75 See also comments by Professor Joseph Weiler to Article 27 in R. Bieber et al. (Eds.), note 74 above, pp. 350-51, where one will find the origins of the author's suspicions about Article 53 of the Charter: "[Article 27 is an] ill-drafted provision [... which] may misleadingly suggest that the standard of protection of human rights within the field of Community law must always correspond to the "highest" standard of protection to be found in the European, or even international, space. [...] Clearly, Article 27 cannot compromise, for example, the overall principle of supremacy of Community law vis-à-vis Member State law."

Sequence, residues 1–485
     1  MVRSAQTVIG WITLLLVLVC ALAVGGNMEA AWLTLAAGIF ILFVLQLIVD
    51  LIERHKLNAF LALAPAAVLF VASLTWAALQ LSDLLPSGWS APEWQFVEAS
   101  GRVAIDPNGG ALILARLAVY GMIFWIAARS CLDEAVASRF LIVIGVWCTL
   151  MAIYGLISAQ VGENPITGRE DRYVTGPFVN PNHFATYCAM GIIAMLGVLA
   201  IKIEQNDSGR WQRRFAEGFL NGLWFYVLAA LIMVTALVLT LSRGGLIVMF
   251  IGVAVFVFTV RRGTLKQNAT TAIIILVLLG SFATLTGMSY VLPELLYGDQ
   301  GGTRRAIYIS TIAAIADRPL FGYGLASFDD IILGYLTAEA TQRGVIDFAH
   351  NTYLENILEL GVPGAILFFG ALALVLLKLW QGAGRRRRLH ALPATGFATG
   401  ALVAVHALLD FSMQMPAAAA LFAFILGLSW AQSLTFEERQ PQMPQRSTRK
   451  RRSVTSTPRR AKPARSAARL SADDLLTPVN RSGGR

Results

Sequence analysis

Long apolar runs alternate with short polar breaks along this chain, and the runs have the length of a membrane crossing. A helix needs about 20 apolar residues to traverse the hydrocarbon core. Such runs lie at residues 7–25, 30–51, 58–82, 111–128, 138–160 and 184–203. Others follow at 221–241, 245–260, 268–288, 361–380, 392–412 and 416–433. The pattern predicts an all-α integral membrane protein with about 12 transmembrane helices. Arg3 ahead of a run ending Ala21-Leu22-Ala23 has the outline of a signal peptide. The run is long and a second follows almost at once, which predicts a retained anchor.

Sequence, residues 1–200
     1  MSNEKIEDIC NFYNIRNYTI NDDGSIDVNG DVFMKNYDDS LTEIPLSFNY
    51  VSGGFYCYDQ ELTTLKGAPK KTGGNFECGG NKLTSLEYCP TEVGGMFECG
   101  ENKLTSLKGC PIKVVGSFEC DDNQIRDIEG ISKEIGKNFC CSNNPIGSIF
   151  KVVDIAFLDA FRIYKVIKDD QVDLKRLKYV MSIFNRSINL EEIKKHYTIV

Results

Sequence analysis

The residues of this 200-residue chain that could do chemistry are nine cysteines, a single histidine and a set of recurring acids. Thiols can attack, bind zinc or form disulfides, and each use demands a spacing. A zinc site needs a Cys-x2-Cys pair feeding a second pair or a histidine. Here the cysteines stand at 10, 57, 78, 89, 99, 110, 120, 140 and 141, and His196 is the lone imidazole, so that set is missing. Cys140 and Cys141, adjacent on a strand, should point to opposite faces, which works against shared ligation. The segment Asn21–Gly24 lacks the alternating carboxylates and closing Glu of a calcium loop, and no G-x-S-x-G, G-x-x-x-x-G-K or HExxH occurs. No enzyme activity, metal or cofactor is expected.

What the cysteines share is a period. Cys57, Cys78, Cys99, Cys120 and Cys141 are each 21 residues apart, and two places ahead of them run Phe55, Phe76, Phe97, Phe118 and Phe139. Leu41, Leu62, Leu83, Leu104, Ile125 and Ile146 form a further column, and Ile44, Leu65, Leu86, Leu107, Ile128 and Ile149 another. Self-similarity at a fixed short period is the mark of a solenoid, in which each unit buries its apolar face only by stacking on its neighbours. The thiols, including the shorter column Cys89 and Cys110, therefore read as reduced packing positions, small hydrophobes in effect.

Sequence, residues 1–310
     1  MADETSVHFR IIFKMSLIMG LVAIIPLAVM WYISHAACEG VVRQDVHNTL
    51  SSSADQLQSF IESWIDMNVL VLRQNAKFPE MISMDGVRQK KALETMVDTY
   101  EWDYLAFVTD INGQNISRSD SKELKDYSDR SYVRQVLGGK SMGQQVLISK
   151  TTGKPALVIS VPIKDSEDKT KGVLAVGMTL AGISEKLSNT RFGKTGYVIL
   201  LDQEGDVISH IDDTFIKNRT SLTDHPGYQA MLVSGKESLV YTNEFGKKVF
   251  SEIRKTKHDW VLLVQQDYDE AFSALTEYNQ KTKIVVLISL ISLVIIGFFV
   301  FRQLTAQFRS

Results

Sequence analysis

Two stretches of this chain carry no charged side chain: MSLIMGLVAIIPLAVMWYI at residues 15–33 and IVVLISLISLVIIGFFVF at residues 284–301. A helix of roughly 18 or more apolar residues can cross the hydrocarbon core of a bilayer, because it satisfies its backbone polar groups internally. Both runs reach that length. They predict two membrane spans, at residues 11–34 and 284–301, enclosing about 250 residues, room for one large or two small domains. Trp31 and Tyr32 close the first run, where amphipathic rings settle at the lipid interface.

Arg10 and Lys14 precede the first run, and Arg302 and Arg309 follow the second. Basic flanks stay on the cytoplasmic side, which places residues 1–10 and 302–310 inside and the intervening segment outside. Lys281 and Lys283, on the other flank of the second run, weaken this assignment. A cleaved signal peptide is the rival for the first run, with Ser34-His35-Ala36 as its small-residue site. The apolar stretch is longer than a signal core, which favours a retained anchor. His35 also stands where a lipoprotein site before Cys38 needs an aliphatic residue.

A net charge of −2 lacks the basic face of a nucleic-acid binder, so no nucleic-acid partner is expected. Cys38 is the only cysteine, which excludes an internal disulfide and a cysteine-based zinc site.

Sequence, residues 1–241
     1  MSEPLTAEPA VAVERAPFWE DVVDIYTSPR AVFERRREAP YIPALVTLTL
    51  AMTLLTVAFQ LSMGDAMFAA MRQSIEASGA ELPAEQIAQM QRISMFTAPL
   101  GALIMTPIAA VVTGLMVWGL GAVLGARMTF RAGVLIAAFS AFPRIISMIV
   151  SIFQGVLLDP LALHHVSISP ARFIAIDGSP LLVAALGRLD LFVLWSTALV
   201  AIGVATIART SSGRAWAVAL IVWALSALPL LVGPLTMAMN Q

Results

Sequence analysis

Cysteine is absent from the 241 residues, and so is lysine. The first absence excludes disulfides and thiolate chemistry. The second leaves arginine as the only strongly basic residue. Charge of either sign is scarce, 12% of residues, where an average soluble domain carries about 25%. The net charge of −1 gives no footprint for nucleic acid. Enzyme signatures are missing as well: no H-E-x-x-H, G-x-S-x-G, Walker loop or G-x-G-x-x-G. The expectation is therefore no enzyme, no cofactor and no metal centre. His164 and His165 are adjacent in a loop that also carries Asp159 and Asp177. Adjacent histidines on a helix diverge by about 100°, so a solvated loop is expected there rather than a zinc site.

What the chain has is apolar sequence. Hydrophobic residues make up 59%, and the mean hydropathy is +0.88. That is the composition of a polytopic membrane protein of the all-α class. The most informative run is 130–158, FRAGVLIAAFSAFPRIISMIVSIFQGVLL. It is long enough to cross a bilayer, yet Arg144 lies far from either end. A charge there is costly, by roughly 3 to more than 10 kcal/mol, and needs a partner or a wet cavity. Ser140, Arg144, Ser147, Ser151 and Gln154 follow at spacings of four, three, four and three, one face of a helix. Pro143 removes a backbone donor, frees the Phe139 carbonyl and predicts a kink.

76 See  OJ C61/155, European Parliament's Draft Constitution for the European Union of February 10, 1994.
77 See ETS No. 5. The European Convention of Human Rights and Fundamental Freedoms was adopted in 1950 and entered into force in 1953. France joined the ECHR, as the last Member of the Communities, in 1974. On the ECHR in general, see, e.g., D.J. Harris et al., Law of the European Convention of Human Rights, (1995), P. van Dijk and G.J.H. van Hoof, Theory and Practice of the European Convention on Human Rights, (1998), and J. Frowein, Europäische Menschenrechtskonvention: EMRK-Kommentar, (1996).
78 The Universal Declaration of Human Rights, adopted by the UN General Assembly in 1948, on which the ECHR was based to a large extent, does not contain a provision similar to Article 53 ECHR. Neither do the Geneva Conventions on humanitarian law from 1949.